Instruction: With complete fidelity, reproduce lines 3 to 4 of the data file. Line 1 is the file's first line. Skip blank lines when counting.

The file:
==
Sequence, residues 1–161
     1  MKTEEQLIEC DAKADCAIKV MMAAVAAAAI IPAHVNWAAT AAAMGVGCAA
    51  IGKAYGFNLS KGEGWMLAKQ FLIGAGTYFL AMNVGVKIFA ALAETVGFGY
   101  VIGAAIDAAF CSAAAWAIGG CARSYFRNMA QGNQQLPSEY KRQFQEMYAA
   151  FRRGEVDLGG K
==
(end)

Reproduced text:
    51  IGKAYGFNLS KGEGWMLAKQ FLIGAGTYFL AMNVGVKIFA ALAETVGFGY
   101  VIGAAIDAAF CSAAAWAIGG CARSYFRNMA QGNQQLPSEY KRQFQEMYAA